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Studio 74 performers bring ‘the Laramie Project’ to life

Studio 74’s performance captured the hearts of its viewers, many of whom were entranced by the touching and reflective enactment of the true crime. Photo used with permission from Alex Giaquinta. Graphic illustration by Deeksha Raj.

Captivating the audience with a passionate performance, Studio 74 actors presented “the Laramie Project” from April 4-6. Performers brought the project to life, leaving the audience with powerful messages about prejudice, homophobia and tolerance. 

“The Laramie Project” is a docudrama based off of the murder of Matthew Shepard in Laramie, Wyoming. Shepherd, a young gay man who attended the University of Wyoming was murdered in a hate crime that targeted his sexual identity. After the incident, at the behest of The Tectonic Theater Project,  a series of interviews were conducted with residents of Laramie in the wake of Shepherd’s murder, and those responses formed the basis of what would become the Laramie Project.

Starting in mid-January, Studio 74 performers dedicated four days a week, two hours per day, to learning about their roles, memorizing and rehearsing to perfect their lines. As the final performance date neared, dress rehearsals began, requiring the crew and performers to have  daily 4-hour practices sessions. While actors practiced their stage lines and gestures, other crew members prepared behind the scenes. Taking up an equally important role in the play, they helped actors with costumes and makeup, directed the lighting and controlled other background effects.

On the three consecutive evenings showcasing “the Laramie Project,” Studio 74 performers skillfully executed their lines and acting, putting on captivating performances each night. The cast members’ commitment to accurately portraying their characters greatly contributed to the production’s success, but this did not come without hardships.

During preparation, actors worked to overcome differences between their own personality and their roles before fully embracing their characters. With 20 performers and over 60 characters, many actors were required to take on multiple roles. Consequently, performers spent ample time researching their various roles in order to understand different backgrounds and enact a realistic representation of their characters. 

“We really wanted to do justice to what actually happened in Laramie,” sophomore and performer Ishana Subrahmanyan said. 

Beyond creating a historically accurate set with props and costumes, actors also hoped to recreate the unique dialogue styles in the play. Set in the late-1990s in Wyoming, performers spent numerous practices perfecting Midwestern accents. Additionally, the demographics and community values in the play’s setting differed from modern-day customs. Actors were thus required to fully immerse themselves in Midwestern culture and customs exhibited by Laramie’s residents, so as to fully embody their characters.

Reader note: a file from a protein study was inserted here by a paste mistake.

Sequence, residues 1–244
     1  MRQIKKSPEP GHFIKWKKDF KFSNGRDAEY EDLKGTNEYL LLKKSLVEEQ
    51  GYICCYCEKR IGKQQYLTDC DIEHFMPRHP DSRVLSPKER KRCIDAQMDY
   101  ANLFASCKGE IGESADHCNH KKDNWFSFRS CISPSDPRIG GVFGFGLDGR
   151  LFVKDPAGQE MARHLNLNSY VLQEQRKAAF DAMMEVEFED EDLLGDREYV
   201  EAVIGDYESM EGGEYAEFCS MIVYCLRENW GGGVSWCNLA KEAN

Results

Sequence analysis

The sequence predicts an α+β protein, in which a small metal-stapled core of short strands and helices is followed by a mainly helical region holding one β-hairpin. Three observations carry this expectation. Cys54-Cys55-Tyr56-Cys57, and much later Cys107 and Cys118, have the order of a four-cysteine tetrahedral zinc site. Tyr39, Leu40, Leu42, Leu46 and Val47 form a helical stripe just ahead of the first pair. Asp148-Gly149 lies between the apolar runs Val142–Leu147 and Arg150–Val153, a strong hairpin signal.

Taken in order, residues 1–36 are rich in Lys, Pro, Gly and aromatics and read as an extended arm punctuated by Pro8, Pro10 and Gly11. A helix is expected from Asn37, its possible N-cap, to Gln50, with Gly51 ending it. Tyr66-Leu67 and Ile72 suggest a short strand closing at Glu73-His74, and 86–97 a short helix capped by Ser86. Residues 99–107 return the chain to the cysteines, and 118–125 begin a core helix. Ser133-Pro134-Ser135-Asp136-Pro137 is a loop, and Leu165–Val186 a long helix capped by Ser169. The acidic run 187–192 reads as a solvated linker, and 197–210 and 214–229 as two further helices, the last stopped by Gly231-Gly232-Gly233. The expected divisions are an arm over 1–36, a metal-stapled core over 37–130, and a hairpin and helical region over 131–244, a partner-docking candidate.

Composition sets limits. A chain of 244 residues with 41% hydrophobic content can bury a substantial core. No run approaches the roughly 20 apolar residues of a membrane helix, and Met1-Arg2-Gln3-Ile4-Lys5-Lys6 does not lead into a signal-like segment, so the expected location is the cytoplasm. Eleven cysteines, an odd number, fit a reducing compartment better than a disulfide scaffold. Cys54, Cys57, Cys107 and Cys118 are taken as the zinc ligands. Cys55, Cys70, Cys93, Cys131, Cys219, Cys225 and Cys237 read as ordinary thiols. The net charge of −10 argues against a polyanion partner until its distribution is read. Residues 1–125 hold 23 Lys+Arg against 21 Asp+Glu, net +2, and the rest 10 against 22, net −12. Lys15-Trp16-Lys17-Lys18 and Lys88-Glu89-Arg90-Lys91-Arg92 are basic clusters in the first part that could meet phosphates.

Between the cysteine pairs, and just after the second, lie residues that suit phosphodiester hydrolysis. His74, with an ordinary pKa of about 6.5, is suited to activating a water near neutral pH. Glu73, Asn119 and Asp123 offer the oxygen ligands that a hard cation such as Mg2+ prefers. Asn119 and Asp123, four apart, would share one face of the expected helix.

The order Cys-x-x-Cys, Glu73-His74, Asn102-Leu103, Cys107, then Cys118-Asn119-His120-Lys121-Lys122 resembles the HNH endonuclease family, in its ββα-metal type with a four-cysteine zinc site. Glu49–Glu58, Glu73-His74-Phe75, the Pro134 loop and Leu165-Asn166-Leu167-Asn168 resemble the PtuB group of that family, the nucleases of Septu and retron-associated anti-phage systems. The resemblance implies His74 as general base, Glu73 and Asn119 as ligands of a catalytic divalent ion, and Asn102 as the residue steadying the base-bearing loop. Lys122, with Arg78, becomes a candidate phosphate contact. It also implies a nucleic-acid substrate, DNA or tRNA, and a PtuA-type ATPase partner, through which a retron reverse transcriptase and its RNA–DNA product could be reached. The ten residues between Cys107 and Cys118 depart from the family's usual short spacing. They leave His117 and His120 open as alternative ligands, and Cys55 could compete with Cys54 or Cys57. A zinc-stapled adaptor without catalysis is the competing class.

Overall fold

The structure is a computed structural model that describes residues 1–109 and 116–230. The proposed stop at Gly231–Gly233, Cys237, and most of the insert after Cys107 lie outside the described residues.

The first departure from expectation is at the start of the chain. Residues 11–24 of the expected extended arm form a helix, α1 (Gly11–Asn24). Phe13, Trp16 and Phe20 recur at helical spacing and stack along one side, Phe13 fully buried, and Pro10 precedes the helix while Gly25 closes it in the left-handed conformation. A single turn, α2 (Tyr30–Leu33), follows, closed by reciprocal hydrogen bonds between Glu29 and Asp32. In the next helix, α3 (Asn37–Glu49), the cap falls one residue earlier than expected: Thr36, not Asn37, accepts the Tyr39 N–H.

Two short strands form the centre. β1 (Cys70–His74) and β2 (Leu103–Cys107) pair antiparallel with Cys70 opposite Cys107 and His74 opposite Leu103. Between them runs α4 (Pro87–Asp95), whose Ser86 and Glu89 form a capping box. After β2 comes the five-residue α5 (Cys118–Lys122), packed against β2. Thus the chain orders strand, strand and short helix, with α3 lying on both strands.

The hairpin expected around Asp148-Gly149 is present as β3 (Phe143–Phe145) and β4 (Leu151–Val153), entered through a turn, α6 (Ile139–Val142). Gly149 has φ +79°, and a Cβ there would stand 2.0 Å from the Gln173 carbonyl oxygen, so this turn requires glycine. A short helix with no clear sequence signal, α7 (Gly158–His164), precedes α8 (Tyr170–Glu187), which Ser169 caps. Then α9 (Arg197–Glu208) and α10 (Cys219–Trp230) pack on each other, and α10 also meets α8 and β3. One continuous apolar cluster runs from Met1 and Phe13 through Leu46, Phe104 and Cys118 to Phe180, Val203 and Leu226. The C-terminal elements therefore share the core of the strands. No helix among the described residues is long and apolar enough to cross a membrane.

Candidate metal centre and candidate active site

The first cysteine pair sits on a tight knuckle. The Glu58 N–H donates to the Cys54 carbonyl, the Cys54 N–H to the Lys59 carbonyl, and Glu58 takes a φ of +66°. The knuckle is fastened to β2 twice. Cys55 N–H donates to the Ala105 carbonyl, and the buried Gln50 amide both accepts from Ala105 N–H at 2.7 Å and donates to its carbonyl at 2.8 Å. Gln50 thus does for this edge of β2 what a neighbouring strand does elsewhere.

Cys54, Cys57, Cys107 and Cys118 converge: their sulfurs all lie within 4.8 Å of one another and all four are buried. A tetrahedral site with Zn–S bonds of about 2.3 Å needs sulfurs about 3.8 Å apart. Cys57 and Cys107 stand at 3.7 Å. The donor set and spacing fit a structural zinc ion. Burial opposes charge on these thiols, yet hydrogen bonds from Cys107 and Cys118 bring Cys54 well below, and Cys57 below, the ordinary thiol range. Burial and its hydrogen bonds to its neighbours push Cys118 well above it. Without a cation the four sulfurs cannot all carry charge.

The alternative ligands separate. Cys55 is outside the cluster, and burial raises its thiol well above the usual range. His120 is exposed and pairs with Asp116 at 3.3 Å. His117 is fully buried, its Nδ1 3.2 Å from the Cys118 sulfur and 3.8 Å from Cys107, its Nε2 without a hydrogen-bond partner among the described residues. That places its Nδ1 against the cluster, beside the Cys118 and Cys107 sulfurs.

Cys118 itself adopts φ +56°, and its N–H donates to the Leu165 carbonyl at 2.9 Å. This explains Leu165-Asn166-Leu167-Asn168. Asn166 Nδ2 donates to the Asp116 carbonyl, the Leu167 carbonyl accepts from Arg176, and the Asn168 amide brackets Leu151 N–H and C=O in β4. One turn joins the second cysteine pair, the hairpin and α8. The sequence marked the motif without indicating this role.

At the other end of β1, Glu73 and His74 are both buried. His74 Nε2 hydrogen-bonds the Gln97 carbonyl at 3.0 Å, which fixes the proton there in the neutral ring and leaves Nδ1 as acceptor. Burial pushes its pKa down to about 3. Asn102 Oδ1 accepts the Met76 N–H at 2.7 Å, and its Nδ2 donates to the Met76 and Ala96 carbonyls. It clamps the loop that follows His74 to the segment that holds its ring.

Nailing down the dialogue and accents, Studio 74 actors came one step closer to turning their goals into fruition. With the combined effort of crew members’ attention to detail in the makeup, costumes, lighting, the production came to life. On each subsequent showing of “the Laramie Project”, performers made subtle tweaks, improving the overall experience of the show. Many of the performers and production director Larry Wenner agreed that their last performance on Saturday was the most memorable out of the three nights. Senior Alexis Giaquinta recalls that the Saturday night audience was particularly engaged, interacting with the performers through appropriate laughter and applause. 

Reflecting on the production and entire experience, performers reveal that although practices were challenging at times, they were equally rewarding and entertaining. During dress rehearsals, the women’s dressing room turned into a choir room as performers sung Broadway songs while preparing to perform. As the lines, staging and acting gradually came together, the performers and Wenner were all proud of their accomplishments.

“When actors pass the point of saying lines that they’ve memorized and begin to actually live those lines, we start to create something that’s real onstage,” Wenner said.

Studio 74’s performance captured the hearts of its viewers, many of whom were entranced by the touching and reflective enactment of the true crime. The sensitive, raw elements of this play, along with its messages about homophobia and hatred, brought many in the audience to tears.

“While we live in a sheltered area, it is important to realize that homophobia is still present,” Giaquinta said. “Even the small acts of hatred are a form of violence against the LGBTQ+ community.”

If audiences are to take anything away from this play, performers and Wenner hope that they can learn to recognize the devastating consequences and impacts of homophobia and hate crimes on individuals and communities. 

“The play covered an important topic in an entertaining while thoughtful way,” senior and spectator Anshul Singh said. “I commend the actors’ commitment to their roles and hope they attempt similarly bold scripts in the future.”

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About the Contributor
Meadow Shen
Meadow Shen, Staffer
(she/her) Meadow is a junior and first-year staffer at the Epic! In her free time, she enjoys playing piano, hiking, and reading. She also loves to bake and visit new cafes.

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